BMGT 301 – Spring 2011
Dr. Z. karake
BMGT 301
What If Analysis -- Data Tables in Excel
In Excel, a Data Table is a way to see different results by altering an input cell in
your formula. Assume you want to buy a car for $30,000; you will pay 20 percent
as a down payment and finance the rest over five years (60 months). The interest
rate offered by the dealer is 12 percent, but you know that banks outside might
be offering better rates. By asking Excel to alter the cell containing the interest
input, we can quickly see the different monthly payments from the various
financing options. Given that other banks may be offering better deals, you will
ask Excel to calculate how much you would pay each month if the interest rate
was 8 percent a year, 9 percent a year, 10 percent and 11 percent a year.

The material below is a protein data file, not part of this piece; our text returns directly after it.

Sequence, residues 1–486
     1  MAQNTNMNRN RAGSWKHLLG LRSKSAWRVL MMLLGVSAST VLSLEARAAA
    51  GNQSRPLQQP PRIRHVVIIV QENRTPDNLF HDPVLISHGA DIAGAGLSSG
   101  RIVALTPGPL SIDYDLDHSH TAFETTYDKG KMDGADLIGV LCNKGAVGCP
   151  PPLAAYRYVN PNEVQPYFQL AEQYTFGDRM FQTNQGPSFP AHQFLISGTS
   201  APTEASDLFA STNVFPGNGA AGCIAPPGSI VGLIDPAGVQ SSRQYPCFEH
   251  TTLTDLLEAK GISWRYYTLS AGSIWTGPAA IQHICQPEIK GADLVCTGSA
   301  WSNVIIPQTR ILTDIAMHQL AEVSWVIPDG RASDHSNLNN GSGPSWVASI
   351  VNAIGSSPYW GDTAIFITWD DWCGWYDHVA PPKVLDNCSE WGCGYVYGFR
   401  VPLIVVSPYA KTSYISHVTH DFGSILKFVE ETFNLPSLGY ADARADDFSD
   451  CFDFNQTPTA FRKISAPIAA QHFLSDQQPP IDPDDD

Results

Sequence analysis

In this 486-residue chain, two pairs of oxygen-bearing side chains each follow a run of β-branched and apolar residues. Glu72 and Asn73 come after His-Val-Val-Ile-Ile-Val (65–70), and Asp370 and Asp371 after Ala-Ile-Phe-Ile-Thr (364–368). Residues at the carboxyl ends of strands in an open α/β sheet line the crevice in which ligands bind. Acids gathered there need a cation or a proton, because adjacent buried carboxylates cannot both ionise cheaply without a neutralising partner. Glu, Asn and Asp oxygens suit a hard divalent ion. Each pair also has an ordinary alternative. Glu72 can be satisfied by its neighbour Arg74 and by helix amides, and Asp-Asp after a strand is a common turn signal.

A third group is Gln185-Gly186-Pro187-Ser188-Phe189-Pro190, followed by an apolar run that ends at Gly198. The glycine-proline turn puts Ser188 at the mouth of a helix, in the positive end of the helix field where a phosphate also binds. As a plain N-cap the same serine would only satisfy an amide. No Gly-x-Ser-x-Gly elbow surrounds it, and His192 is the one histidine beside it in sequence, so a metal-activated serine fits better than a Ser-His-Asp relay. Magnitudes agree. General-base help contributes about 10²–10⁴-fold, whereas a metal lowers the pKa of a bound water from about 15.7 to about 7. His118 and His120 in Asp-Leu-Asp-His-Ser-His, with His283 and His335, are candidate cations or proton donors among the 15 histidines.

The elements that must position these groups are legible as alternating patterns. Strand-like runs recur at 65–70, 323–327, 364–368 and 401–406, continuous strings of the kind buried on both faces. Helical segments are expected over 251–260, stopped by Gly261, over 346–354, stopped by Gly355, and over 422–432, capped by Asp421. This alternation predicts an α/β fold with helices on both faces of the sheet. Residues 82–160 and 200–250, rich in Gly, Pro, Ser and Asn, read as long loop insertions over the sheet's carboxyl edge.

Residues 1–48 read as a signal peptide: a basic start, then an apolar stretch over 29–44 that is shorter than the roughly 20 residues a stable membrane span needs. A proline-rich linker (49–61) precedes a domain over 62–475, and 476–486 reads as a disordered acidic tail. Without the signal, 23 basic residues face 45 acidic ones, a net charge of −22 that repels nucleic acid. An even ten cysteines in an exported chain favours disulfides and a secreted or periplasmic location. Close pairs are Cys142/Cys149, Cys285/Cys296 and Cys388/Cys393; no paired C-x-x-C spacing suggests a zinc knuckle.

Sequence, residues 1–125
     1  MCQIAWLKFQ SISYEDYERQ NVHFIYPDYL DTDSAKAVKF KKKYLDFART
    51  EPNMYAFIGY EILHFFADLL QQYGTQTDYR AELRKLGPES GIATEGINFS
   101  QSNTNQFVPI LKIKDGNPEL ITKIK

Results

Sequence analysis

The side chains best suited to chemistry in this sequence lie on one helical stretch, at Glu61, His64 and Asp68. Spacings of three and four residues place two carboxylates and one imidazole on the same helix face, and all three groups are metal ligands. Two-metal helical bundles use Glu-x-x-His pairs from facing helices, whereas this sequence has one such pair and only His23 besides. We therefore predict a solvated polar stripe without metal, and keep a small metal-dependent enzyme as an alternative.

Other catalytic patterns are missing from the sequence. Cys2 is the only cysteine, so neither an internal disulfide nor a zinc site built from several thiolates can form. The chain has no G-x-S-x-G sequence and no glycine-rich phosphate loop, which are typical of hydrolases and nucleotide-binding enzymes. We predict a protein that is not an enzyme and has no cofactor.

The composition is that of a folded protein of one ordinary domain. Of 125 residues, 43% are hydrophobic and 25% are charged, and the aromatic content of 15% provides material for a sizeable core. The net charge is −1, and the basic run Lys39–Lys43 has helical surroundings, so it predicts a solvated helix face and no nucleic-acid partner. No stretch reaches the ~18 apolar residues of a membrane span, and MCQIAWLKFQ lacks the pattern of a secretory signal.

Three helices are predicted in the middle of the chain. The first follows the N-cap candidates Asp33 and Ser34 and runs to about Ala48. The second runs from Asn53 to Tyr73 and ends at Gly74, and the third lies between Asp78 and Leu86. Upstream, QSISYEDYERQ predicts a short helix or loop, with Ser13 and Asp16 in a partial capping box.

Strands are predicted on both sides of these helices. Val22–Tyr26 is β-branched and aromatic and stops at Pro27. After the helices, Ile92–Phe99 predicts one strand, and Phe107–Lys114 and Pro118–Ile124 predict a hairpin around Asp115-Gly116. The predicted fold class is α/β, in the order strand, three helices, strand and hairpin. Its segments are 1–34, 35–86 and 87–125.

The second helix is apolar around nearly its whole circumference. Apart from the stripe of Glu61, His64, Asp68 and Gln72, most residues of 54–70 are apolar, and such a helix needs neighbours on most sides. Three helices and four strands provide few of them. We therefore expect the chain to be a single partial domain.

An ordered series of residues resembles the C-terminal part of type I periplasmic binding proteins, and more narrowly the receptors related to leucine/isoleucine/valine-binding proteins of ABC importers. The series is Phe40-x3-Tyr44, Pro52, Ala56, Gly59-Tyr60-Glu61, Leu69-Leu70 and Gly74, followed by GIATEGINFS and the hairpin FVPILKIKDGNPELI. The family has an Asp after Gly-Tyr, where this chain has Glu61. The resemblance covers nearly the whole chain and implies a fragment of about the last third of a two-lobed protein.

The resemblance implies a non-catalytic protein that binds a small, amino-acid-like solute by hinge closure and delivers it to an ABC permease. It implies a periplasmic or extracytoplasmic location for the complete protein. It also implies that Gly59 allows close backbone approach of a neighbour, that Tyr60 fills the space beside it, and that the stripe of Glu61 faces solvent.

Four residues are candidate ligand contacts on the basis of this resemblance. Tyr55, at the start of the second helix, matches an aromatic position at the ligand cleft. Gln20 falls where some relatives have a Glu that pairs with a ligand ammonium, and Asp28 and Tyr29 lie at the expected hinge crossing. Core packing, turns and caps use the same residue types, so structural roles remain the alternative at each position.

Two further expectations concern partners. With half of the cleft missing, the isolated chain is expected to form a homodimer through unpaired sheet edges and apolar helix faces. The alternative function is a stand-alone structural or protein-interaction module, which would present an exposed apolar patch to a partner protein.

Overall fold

One-Variable Data Tables
The formula you are going to use is the Payment:
PMT(
rate, nper, pv, fv, type
)
We only need the first three arguments. So for us, it's just this:
PMT(
rate, nper, pv
)
Rate
means the interest rate. The second argument,
nper
, is how many months
you've got to pay the loan back. The third argument,
pv
, is how much you want to
borrow.
Let's make a start then. On a new spreadsheet, set up the following labels:
So we'll put our starting interest rate in cell B3 (
rate
), our loan length in cell B4
(
nper
), and our loan amount in cell B5 (
pv
).
Enter the following in cells B3, B4 and B5 respectively: 12%, 60, $24000.
Enter the following in Cell C2: Monthly Payment
We'll enter our formula now. Click inside cell D2 and enter the following:
=PMT(
B3 / 12, B4, -B5
)
Cell B3 is the interest rate. But this is for the entire year. To find the monthly rate,
in the formula, divide cell B3 by 12. Cell B4 in the formula is the number of
months, which is 60 for us. B5 has a minus sign before it. It's a minus figure
because it's a debt.